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on May 8th, 2005, 10:39am, Pennsy wrote:       (Click here for original message)
Hi EK,
 
I seem to remember several instances where tempers and /or demeanors were stretched when a brakeman or conductor had to request a movement from the dispatcher. They always come to some agreement. I also have seen dispatchers get into trouble with a train halted on every track awaiting clearance to move. By that time the dispatcher is on his second or third valium (midol )  
 
Needless to say, it is a rough job and yes you need to be aware of the BIG picture. You can't be in a little niche by yourself.

 
 
 
Cute little quote stuck in my dad's old time book;
 
"here's to the conductor,
the master of his train
his head stuck in a phone box
his ass out in the rain".  
 
 
I guess he'd had a few of those conversations with dispatchers you refer to.
 
Hey I need to reverse a mile back here at B'ville to set out this hotbox!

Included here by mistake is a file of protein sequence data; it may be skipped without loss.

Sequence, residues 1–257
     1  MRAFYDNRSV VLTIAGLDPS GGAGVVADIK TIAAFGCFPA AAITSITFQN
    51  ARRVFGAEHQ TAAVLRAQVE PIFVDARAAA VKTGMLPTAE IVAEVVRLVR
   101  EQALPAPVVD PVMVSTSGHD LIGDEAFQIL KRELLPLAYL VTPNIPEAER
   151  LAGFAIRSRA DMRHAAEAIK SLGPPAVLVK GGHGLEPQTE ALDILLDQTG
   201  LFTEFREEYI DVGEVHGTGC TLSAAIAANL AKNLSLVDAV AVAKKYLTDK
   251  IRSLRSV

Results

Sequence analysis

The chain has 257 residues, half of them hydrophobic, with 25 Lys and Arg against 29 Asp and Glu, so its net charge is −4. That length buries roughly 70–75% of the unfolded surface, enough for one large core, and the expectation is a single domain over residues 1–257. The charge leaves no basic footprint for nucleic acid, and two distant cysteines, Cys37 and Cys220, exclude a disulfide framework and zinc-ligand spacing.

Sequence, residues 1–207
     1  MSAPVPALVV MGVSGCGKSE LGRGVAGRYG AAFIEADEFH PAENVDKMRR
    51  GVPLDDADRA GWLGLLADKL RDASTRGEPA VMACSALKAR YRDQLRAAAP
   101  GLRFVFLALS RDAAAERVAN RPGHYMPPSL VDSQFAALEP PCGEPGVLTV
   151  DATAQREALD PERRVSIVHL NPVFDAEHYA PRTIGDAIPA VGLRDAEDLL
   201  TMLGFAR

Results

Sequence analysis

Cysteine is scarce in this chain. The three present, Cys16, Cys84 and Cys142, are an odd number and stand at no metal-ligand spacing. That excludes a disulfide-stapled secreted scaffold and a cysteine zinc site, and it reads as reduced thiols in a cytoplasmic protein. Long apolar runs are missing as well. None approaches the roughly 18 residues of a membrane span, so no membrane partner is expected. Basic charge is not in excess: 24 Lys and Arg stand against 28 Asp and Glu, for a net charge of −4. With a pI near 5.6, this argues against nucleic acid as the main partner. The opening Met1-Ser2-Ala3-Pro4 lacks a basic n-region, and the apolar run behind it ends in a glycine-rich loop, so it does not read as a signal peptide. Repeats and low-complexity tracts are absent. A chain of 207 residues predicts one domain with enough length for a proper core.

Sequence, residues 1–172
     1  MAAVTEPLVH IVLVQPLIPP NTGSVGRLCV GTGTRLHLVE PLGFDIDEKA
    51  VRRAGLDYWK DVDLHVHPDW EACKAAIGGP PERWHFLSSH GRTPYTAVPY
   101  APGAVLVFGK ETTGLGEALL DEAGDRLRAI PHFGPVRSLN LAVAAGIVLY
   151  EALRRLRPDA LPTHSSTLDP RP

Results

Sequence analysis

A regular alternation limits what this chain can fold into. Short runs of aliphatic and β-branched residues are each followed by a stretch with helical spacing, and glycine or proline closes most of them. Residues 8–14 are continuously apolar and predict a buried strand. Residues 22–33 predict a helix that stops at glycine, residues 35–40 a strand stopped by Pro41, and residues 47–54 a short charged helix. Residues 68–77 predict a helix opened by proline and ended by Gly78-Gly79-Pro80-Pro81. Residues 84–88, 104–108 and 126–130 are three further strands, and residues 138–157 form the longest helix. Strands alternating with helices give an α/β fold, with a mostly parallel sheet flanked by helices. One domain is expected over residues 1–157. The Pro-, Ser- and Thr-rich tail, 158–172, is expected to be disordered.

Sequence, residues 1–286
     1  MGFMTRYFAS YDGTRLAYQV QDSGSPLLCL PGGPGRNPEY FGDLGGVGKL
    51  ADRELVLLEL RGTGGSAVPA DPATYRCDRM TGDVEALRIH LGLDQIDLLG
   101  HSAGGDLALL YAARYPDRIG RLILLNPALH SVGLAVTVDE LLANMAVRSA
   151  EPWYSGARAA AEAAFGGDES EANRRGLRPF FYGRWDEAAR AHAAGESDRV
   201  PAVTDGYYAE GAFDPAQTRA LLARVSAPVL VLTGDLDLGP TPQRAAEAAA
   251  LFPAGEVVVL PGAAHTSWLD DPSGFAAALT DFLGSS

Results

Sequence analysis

Take it to G'town
 
Whatd'ya mean take it G'town, no way in hell!
 
Well is it on the main?
 
Its a train ain't it?" where the hell ya' think it is over here on Route 18!
 
 
Funny stuff to hear some of those old guys sometimes.
 
PX


« Last Edit: Aug 30th, 2005, 5:52pm by Passenger_Extra » Logged

Not good on trains 1, 2, 5, 6, 25 & 26 west of Washington D.C. and trains 27 & 28.
alcoc420
Historian
Posts: 338
Re: Dispatchers
 
« Reply #37 on: Aug 30th, 2005, 5:41pm »
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Recently i read somewhere that Dispatchers/Air trafffic controllers have the highest rate for suicide. Hey, George-Harris your familiar with CAD? Im currently taking classes for it in my high school.

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George_Harris
Historian
Posts: 3824